Another microchip reunion! On the evening of Thanksgiving a cat was found in the yard of AHDC. After a good meal and some warmth, we named him Cranberry in honor of Thanksgiving. A scan showed that this orange feline had an owner and after a few days we were able to reunite, Wally (Cranberry’s real name) and his mom. He is a very friendly, indoor/outdoor cat who never came home on Thanksgiving. Mom thinks someone mistook him for a stray and placed him at our hospital. Wally was so happy to see his mom, he was head-butting and purring when saw her. Thanks to a microchip, Wally will be with his mom for Christmas.

Jingle Bells!

On Dec 2nd we hosted our 3rd Annual Pet Pictures with Santa benefiting Castaway Critters. Local photographer Terry Rowe took great pictures of our wonderful clients and their pets with Santa. And the pets were not just limited to cats and dogs, we even had a rabbit get his picture with good ol’ St. Nick this year! Thank you so much for your generous donations as we were able to raise over $300 for Castaway Critters . Happy Holidays from AHDC! to learn more about Castaway Critters, go to:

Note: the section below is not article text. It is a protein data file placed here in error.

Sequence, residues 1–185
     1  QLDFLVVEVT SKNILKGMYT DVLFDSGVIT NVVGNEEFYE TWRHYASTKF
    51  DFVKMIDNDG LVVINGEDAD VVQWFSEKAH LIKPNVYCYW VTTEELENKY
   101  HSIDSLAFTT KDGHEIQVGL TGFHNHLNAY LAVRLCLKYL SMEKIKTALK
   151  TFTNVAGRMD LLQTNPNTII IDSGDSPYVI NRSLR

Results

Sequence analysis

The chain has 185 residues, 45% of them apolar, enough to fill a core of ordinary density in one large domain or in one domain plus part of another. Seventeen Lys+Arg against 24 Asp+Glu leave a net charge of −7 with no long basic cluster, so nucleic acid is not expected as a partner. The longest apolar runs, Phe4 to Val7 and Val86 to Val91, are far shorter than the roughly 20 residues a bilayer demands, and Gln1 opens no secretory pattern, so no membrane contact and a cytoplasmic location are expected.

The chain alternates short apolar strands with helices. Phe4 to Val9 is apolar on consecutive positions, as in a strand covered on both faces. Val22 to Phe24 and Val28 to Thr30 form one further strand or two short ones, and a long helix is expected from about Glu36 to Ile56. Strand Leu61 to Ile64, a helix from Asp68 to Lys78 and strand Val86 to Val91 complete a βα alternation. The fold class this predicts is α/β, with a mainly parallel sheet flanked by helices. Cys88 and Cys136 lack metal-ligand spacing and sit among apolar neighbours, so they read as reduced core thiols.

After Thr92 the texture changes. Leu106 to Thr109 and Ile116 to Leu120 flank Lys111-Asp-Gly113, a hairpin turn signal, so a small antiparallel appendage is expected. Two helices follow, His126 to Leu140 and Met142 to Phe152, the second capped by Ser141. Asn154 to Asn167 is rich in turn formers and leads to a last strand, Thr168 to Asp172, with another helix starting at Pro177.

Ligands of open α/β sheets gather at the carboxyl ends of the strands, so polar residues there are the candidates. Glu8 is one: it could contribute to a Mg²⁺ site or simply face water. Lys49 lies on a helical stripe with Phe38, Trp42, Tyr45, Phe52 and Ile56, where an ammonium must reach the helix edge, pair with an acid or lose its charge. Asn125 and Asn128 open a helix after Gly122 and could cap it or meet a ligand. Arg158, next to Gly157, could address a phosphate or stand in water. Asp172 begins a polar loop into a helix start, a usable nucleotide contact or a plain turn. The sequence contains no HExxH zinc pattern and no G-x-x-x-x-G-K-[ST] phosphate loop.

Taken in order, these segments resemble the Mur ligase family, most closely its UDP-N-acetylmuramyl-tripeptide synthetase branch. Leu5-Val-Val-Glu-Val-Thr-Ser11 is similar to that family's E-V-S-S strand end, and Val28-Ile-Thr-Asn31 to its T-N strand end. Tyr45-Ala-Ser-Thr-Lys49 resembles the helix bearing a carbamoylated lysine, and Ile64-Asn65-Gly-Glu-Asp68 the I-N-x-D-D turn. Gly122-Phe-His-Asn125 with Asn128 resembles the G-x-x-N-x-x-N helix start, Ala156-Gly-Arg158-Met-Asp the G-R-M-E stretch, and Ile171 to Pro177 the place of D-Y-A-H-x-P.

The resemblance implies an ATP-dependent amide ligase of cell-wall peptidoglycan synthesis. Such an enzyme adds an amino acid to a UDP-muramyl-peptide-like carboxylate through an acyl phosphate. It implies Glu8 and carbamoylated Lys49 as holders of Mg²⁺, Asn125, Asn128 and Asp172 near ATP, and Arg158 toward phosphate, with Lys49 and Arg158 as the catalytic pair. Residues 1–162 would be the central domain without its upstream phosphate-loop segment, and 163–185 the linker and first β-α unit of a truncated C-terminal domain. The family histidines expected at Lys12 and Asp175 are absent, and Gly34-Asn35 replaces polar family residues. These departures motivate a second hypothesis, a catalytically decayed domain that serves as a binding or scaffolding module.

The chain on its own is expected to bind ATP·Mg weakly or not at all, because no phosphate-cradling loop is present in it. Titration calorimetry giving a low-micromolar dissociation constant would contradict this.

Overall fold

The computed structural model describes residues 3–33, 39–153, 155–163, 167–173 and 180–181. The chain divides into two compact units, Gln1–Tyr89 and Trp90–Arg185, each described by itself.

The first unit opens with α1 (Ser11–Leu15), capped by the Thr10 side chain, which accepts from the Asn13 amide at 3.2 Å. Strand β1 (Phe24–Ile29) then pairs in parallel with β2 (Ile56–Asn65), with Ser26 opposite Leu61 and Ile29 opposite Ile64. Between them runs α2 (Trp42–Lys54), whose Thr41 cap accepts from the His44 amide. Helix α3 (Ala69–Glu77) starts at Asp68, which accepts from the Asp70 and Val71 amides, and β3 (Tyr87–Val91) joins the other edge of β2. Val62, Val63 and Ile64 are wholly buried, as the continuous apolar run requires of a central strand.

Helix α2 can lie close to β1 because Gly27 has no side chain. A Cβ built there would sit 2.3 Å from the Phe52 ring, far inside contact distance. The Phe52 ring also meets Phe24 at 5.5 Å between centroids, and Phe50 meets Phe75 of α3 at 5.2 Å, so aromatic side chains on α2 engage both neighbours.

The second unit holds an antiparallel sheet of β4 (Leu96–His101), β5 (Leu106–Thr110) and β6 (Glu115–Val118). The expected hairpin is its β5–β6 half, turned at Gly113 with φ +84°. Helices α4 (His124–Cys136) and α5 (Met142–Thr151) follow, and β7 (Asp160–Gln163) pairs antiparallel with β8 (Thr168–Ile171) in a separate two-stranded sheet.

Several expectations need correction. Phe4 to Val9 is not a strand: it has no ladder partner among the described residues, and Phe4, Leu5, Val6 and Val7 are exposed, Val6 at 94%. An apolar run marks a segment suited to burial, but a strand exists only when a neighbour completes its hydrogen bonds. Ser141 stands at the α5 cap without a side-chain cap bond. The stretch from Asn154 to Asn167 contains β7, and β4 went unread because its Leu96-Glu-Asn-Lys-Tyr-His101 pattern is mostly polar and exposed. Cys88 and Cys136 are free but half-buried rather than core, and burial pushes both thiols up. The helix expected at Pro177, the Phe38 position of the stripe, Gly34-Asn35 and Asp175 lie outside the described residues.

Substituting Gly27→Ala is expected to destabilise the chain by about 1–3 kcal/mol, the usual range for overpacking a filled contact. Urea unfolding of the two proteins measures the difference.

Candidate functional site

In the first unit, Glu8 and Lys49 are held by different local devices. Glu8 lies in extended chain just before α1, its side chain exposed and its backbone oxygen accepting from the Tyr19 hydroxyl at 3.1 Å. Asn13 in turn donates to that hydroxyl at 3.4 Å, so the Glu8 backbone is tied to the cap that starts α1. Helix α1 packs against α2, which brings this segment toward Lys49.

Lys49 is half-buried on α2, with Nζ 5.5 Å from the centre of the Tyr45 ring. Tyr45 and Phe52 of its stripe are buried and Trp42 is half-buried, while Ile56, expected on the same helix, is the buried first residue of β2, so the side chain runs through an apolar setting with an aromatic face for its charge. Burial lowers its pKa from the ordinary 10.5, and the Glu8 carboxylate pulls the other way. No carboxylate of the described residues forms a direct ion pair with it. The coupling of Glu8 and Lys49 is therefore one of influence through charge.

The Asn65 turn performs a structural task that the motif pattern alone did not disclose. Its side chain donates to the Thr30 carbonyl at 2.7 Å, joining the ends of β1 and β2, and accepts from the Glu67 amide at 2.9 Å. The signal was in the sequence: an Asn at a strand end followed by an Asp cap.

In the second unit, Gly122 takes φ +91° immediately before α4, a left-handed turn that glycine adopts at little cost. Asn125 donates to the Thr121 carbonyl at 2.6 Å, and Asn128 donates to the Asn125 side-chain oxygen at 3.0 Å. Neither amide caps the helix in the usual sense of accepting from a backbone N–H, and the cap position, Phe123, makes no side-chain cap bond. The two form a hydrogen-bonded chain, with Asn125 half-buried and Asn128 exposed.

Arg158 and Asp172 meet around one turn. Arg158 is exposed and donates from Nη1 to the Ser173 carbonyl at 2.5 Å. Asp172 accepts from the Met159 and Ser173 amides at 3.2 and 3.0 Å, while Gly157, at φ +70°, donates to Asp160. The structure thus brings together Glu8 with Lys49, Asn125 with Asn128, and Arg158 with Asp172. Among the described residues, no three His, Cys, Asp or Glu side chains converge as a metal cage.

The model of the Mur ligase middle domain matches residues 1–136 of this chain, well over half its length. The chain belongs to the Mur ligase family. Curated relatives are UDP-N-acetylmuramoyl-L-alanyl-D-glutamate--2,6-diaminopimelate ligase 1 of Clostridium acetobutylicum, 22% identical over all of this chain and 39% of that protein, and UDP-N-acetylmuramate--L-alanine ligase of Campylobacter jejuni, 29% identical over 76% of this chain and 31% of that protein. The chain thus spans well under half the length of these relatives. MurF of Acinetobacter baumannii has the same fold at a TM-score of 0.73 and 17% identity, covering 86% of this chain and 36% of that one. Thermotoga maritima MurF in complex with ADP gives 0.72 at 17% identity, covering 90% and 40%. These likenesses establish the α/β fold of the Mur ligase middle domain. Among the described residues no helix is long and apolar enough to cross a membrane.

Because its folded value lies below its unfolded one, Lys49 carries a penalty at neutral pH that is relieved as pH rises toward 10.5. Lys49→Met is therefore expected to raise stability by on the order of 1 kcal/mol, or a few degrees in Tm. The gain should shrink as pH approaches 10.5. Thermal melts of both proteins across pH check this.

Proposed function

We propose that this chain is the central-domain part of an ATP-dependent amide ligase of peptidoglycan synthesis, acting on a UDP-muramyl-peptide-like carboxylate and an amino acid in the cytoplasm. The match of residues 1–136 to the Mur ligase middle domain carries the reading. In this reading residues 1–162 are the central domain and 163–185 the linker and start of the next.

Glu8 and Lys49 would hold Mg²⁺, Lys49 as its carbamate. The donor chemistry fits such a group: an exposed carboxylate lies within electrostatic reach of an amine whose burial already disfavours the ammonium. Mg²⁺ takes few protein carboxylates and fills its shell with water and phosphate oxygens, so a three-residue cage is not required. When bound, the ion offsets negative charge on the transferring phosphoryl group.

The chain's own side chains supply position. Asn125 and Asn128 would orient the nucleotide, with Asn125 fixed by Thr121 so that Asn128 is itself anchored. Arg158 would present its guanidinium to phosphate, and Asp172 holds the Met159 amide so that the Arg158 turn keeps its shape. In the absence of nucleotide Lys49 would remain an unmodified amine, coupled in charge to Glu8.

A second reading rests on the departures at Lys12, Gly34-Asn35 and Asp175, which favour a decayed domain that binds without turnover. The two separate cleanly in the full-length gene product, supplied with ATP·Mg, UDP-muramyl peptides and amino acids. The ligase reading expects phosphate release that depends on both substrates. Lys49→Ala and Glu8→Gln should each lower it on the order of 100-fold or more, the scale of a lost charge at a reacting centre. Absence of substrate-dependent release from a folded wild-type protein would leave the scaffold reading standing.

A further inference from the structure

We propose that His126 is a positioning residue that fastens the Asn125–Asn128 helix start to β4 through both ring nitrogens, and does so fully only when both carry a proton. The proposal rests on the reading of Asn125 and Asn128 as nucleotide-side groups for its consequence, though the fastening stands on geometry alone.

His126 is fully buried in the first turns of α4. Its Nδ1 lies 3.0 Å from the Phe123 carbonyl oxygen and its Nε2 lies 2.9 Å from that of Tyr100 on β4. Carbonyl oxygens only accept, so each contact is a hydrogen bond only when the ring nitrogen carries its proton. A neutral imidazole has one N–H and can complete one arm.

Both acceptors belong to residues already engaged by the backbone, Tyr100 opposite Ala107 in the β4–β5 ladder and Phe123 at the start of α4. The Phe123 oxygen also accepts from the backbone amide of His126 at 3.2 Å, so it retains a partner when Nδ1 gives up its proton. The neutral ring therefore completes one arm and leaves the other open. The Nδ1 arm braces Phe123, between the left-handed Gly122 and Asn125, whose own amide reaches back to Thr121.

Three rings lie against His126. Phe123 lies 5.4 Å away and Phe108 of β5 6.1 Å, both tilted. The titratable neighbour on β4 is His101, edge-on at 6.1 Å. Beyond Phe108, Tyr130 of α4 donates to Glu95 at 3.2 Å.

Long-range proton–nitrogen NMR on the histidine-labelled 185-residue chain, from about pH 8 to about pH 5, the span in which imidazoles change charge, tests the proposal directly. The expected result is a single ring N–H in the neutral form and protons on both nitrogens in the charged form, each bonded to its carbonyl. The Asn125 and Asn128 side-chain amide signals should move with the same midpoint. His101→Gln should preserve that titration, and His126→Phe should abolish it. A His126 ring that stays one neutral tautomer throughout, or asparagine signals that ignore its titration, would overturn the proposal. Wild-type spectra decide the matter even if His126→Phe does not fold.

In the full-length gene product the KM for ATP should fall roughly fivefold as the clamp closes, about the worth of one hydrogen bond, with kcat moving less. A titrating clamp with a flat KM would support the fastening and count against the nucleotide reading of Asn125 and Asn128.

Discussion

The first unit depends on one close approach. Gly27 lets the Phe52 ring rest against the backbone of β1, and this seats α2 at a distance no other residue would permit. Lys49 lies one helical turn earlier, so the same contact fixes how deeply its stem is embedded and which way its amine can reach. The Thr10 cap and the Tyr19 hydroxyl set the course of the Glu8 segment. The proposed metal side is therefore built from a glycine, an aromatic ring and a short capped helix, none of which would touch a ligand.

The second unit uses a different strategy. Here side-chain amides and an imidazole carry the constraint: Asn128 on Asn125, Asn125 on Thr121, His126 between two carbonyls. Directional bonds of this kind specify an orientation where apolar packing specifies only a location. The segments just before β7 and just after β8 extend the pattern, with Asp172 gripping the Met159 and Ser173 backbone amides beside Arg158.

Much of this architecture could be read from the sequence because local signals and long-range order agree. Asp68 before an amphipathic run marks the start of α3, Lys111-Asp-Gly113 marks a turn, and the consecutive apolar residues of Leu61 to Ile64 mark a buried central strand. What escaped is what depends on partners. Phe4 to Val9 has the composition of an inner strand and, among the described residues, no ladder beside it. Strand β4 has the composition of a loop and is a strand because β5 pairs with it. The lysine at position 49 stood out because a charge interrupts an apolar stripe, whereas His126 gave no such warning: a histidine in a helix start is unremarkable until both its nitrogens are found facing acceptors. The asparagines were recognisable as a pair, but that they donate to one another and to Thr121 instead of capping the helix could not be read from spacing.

Community Leader Profile: Our Own Richele Herigan!